True, you can’t climb into a coldframe for a tropical junket, but the coldframe, with care, can become a hotbed of tasty, fresh, organic, very locally-grown vegetables from fall to spring.

It Ain’t Over — The Fall Garden Begins

If I wasn’t a gardener, I’d look upon the late summer and fall weather as a glorious succession of warm sunny days and crisp nights with intermittent periods of mostly gentle rains. As a gardener, the crisp nights make me a little nervous.
Temperatures so far have only dipped into the low 40s; any night, though, that low could plummet below freezing. Below freezing temperatures would ring the death-knell for okra, peppers, tomatoes, and the any other summer vegetables still braving cooling temperatures. 
Actually, there’s not much oomph left in the okra and tomatoes. Okra doesn’t bear pods except when temperatures are downright hot. And disease, mostly early blight (not the dreaded late blight of a few years ago) has reduced tomatoes to nothing more than bare stems capped by a few green leaves and fruits. So loss of tomatoes or okra would hardly be noticed except to indicate it was finally time to clear those beds and ready them for next spring.
Peppers are another story. The leaves are still green and spry, and cool weather hurries the fruits along on their way to full red ripeness. 
—————————————–
With cooler and cooler weather descending on the garden, the race is on with cool-weather vegetables — cauliflower, broccoli, cabbage, turnips, and winter radishes. These vegetables tolerate temperatures well below freezing. But will they do what they have to do, whether it’s making flower buds, heads, or roots, before their growth slows almost to a standstill? Further south, they could wait out winter and finish growing as weather warmed. This far north, they eventually succumb to cold, perhaps headless, flower bud-less, or fat root-less.
I seeded cauliflower, broccoli, and cabbage in early June and transplanted them a month later. Turnips and winter radish seeds went directly into the ground in early August. According to my records, they should all be on time. But roots are only just beginning to swell in the ground beneath the turnips and radishes, and there’s no sign yet of flower buds on broccoli and cauliflower or developing heads on cabbage. Which makes me nervous.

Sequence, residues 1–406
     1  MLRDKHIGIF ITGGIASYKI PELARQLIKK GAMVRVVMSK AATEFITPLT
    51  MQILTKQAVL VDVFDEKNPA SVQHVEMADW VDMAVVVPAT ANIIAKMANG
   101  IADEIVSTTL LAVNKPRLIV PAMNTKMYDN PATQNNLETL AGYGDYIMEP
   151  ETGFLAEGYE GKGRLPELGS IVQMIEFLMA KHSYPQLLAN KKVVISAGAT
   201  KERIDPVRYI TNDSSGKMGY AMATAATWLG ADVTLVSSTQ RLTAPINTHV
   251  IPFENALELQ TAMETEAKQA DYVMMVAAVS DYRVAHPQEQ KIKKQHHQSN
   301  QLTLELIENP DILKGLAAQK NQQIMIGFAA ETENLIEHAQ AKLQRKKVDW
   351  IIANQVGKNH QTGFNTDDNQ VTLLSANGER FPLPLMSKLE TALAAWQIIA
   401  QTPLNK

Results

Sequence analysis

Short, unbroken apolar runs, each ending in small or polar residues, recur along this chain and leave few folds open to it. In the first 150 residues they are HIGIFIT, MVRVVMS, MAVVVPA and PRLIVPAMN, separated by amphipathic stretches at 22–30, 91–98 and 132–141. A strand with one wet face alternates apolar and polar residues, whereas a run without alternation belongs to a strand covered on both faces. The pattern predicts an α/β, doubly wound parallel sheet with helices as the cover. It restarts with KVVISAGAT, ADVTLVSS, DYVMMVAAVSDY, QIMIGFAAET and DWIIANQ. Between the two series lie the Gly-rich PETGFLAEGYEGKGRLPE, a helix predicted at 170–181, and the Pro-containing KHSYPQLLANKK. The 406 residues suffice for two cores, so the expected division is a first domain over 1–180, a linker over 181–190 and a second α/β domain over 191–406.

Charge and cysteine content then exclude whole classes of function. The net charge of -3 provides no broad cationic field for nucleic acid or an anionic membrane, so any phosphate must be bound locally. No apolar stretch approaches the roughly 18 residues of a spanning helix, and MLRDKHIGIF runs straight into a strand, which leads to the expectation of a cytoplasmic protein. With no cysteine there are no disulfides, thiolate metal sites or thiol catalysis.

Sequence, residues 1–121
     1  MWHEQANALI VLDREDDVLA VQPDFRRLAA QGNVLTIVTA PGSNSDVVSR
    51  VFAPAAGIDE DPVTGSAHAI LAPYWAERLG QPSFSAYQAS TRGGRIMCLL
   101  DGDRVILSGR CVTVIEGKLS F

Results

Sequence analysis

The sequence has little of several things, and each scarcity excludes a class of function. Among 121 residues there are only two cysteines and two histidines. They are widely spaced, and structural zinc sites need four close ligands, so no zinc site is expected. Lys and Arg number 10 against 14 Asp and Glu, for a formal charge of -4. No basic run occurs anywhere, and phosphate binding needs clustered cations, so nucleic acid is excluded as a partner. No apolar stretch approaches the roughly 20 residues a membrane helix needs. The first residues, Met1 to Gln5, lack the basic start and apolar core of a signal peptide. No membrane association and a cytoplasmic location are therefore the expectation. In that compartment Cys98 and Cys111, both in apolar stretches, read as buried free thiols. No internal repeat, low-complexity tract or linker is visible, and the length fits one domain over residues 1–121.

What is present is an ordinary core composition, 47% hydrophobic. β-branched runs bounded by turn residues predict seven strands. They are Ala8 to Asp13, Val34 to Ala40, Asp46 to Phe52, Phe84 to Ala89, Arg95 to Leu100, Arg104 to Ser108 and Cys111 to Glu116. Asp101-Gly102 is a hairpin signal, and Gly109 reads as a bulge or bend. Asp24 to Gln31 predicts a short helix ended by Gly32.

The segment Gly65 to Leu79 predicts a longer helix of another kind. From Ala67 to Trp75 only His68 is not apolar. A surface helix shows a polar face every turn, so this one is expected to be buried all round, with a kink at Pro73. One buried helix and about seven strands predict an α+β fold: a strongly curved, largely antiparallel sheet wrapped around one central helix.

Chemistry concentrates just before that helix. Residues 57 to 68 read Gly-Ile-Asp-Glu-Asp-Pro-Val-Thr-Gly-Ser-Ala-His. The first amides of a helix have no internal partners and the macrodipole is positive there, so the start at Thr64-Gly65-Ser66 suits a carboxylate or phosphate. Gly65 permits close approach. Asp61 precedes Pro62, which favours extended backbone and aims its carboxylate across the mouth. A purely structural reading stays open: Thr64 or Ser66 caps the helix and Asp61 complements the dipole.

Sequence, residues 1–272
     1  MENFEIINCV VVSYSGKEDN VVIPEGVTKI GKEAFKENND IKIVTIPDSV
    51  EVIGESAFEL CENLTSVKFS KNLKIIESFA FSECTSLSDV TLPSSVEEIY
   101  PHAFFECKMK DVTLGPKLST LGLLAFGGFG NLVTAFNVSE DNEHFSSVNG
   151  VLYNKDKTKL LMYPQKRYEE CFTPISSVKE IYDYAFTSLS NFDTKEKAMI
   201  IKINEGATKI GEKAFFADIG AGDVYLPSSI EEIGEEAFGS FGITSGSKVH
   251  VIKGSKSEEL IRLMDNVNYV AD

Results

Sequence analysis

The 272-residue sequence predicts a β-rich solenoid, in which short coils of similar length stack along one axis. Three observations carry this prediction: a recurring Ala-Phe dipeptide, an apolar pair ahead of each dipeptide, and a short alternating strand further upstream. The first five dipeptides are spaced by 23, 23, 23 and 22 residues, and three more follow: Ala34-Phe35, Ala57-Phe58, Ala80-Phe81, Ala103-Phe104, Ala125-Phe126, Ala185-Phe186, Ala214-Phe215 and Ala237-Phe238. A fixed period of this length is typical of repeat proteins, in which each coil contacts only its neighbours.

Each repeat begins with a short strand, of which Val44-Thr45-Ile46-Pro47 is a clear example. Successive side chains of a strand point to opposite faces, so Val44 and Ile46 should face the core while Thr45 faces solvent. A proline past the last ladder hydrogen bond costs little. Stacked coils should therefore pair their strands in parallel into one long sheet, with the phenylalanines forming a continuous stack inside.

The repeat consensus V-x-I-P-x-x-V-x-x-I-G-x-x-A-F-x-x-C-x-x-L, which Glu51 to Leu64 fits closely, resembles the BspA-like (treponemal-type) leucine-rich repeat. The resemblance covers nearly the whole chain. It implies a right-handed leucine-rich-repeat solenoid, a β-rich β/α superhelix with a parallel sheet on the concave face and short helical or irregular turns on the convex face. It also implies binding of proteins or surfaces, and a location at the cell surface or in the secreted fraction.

Kale, of course, is yielding abundantly. It enjoys both warm and cool weather. All it needs to do is keep growing leaves, which it does.
—————————————–
No need to leave everything to Mother Nature; I’m going to change the weather. On a very small scale, within my cold frame. For years, I’ve used my cold frame — essentially a 5 foot by 5 foot wooden box with a hinged, clear top sloping southward — to extend the season for fresh salad fixings. This year it has become a hotbed, which is a cold frame with warmed soil.
Soil can be warmed in a number of ways. Most modern is with an electric soil heating cable made for this purpose and woven back and forth beneath the ground. Most old-fashioned — and the method I’m using — is with manure, utilizing the heat of its fermentation.
Successfully growing plants in a manure-heated hotbed demands a mix of art and science. Too much heat, too fast is to be avoided as is, of course, too little heat. To start, I and my able assistant David dug almost 2 feet of soil out of the cold frame. I had on hand horse manure mixed with wood shavings and a little straw; the mix was fairly fresh and moist. As David forked the manure mix into the bed, I watered it and occasionally got right into the frame and stomped it down — not too hard, which would drive out all the air, but enough to pack everything together for a critical mass to start heating.
Once the bed was filled, the mix was topped with a 4 inch layer of ripe compost. Those few inches are needed to keep young, tender roots above the hot layer which, as it eventually cools, can increasingly accommodate roots. A few days later I scratched out furrows into which I sprinkled lettuce, spinach, and arugula seeds. Spinach usually survives winter here in a cold frame. Lettuce and arugula do not, so will provide a good measure, along with speed of growth, of the efficacy of the heating. 
One week after planting, temperatures about a foot down into the bed are around 80°F.
I’m lucky in not having to leave things to Mother Nature even if the hotbed’s performance proves less than stellar. A few steps away is my greenhouse, now sprouting a panoply of cool weather greens, as well as ripening cucumbers and figs.